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Imaging genomics applied to anxiety, stress response, and resiliency

Ke Xu, Monique Ernst, David Goldman
Neuroinformatics 2006, 4 (1): 51-64
16595858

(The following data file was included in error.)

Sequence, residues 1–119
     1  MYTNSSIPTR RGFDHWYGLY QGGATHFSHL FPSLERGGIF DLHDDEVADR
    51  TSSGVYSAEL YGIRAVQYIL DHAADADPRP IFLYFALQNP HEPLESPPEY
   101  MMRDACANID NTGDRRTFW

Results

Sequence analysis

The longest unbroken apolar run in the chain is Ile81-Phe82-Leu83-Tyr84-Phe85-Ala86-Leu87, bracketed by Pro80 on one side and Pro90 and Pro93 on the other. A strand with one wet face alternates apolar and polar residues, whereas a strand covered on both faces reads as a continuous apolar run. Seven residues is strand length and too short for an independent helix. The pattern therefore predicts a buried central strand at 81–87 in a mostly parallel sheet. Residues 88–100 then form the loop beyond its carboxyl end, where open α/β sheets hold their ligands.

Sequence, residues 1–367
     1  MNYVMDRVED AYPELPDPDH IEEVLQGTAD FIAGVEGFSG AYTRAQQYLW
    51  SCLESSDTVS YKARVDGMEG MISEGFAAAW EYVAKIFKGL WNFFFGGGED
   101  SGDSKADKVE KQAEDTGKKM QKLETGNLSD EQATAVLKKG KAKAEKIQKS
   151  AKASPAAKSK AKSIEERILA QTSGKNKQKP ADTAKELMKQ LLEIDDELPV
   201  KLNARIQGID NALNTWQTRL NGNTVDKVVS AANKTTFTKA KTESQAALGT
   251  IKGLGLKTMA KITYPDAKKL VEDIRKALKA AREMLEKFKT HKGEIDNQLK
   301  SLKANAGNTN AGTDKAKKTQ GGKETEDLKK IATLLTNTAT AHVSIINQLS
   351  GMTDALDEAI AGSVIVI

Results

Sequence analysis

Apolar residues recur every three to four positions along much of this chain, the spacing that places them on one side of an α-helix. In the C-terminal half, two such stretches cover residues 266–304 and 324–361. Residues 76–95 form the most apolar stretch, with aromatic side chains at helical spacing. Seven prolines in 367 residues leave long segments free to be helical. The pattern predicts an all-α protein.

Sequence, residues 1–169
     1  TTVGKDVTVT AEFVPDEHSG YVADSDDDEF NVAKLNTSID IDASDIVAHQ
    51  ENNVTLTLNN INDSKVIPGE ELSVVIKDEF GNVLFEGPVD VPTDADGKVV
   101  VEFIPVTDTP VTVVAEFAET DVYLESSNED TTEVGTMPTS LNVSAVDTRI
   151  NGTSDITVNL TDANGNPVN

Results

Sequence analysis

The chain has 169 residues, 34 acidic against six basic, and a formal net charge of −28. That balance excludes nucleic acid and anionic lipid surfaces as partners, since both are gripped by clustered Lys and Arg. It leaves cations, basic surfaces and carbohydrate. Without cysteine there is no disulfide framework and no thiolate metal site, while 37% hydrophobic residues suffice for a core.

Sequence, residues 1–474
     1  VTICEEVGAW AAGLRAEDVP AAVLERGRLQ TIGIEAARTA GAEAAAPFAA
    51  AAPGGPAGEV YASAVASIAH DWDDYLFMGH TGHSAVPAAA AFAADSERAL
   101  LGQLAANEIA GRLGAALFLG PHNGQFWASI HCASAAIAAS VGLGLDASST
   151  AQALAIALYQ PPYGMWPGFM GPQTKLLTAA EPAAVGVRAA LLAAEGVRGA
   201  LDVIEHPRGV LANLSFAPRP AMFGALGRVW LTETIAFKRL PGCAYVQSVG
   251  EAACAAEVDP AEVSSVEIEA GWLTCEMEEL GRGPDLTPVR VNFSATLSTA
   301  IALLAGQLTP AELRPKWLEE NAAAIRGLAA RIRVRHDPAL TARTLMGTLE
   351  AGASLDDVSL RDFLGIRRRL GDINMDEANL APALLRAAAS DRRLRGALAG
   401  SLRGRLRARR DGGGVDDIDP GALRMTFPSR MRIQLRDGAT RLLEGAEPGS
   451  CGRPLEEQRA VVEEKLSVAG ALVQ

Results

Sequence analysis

Anxiety and stress response/resiliency are heritable traits central to the etiology of multiple psychiatric diseases, but efforts to identify genetic variation influencing this broad domain of neurobiological function are hampered by the coarseness of the phenotypic measures and the effects of environmental factors. Neuroimaging offers a powerful approach for assessing functional neuronal activity. Neurophysiological measures can serve as intermediate phenotypes more directly linked to small gene effects, compared with behavioral end points of neural dysfunction. Imaging genomics is a relatively new research area that is concerned with linking functional gene variants and brain information processing. Here, we will focus on processes affected by anxiety and stress. Neuroimaging has been combined with genetic analysis to reveal genetic effects of functional variants of the serotonin transporter (5-HTT) and catechol-O-methyltransferase (COMT) genes on brain response to stressful stimuli. The low-expressing allele of the 5-HTT promoter polymorphism (HTTLPR) is associated with anxiety and with greater amygdala and other regional responses to emotional. The COMT Met158 allele leads to lower COMT activity and has also been associated with anxiety, and the effect of this gene is apparently additive with HTTLPR. Individuals with Met158 genotypes are more sensitive to pain stress and, as shown by C11 Carfentanil imaging, have diminished ability to upregulate opioid release after pain/stress. These results suggest that functional variants of 5-HTT and COMT impact brain functions involved in stress and anxiety.

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